Published on August 26th, 2011 | by Breath on the Wind6
Eos Rechargable Zinc-Air Battery: Energy Storage “El Dorado?”
The dream of a “City of Gold” captured the imagination of a previous age. Today we search for a solution that will answer our aspirations for energy storage. We need energy storage for solar and wind resources. We need storage for peak shaving, frequency regulation. We need storage for electric vehicles. Lithium-Ion batteries are increasingly cost-effective with better energy density, however their future development is limited. The theoritical maximum energy capacity of present lithium-ion battery technology is not enough to give us the range we have come to expect from petrol vehicles. We will have to move, eventually, to a new battery chemistry to achieve increased energy density and range. Zinc-air holds a promising solution.
The Zinc battery that is non-rechargeable is what we most commonly use in our many portable devices. The anode tends to form dendrites, membranes destroyed and, when used with air, the air ports tend to become blocked by carbon dioxide. In yesterday’s 2GreenEnergy webinar, Craig Shields spoke to Steve Hellman president of Eos Energy Storage, (formerly Grid Storage Technologies) of Easton, PA about its “first ever long-life Zinc-air electrically rechargeable battery.” The secret to this discovery started in 2004 with a complete reworking of the way the battery is built.
Advantages of the Zinc-air battery start with its reduced volume. Other batteries must carry around cathode reactants where this battery needs only air. Zinc is a cheap and very common material, with the US, Canada, and Australia as primary producers. In a recent greentechgrid article, Michael Kanellos says, “The zinc/zinc oxide reaction is essentially infinitely renewable. By contrast, titanium and silicon oxide reactions can’t be reversed in the same way. Iron and lead have lower energy densities and lithium and sodium, which can pack quite a bit of energy, aren’t as stable.”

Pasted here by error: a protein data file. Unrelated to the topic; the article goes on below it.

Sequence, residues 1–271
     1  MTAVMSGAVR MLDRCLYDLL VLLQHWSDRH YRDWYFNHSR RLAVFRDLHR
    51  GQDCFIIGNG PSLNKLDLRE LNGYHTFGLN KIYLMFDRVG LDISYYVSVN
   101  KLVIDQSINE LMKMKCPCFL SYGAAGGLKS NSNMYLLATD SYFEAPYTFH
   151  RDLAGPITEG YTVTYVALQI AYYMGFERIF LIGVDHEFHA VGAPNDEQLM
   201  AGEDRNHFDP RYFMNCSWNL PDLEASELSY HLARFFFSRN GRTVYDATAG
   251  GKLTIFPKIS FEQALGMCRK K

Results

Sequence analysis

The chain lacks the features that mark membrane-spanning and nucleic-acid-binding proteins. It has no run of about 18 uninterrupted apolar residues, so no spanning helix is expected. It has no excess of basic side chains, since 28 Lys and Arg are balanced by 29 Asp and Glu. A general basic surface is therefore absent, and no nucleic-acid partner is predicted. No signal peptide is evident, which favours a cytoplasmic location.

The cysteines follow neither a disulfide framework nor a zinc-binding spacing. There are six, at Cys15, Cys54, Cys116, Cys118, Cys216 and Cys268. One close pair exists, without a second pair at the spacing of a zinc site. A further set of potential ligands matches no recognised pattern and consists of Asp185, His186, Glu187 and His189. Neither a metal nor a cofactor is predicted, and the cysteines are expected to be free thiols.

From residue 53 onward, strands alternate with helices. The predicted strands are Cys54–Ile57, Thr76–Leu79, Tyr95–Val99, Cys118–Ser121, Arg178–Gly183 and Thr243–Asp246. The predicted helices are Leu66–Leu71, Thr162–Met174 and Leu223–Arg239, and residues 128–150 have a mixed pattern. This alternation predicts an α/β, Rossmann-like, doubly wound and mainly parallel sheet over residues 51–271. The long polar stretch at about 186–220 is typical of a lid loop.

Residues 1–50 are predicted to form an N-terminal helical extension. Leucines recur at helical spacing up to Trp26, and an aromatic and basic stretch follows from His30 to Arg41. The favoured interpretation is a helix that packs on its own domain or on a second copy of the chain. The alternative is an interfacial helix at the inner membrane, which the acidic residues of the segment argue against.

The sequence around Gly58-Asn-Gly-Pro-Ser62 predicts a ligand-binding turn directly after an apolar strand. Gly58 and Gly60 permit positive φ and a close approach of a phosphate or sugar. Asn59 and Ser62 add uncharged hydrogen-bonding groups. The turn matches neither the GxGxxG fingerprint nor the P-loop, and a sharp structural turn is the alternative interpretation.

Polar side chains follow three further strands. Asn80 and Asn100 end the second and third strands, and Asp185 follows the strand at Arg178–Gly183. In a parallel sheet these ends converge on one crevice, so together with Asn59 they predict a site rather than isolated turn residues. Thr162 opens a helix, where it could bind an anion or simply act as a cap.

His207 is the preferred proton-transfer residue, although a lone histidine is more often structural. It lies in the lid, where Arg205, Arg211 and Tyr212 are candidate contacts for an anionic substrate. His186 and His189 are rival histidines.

Several products are anticipated by Eos, such as the following:
The Eos Aurora 1000/6000 is designed for utility-scale energy storage and is delivered in a standard ISO 40′ shipping container (1MW/6MW-hr) for immediate deployment. There are no sub-components that need routine replacement, and the system is expected to last at least 10,000 true (full discharge) cycles, or about 30 years, with a cost of 1000/kW and $160/kW-hr. The cost does not include necessary inverters. Power supplied by this storage is expected to be less than gas turbine peaking plants at about $ .02 to $.06 /kW-hr. Product deliveries will begin in 2013.
The Eos Vista Zinc-Air Flow Battery is expected to be available after 2015. Anticipated energy density is around 100wh/kg, and 400wh/liter electrolyte can be removed and saved for re-conditioning. New electrolyte can be placed pumped into the battery and drivers can be on their way. Battery cost would be about $200/kW-hr. A Nissan Leaf with a 100-kW-hr Zinc-air battery might cost $8,000 less and have a range up to 340 miles. We could be well on our way to the city of Gold.
Photo via davidreber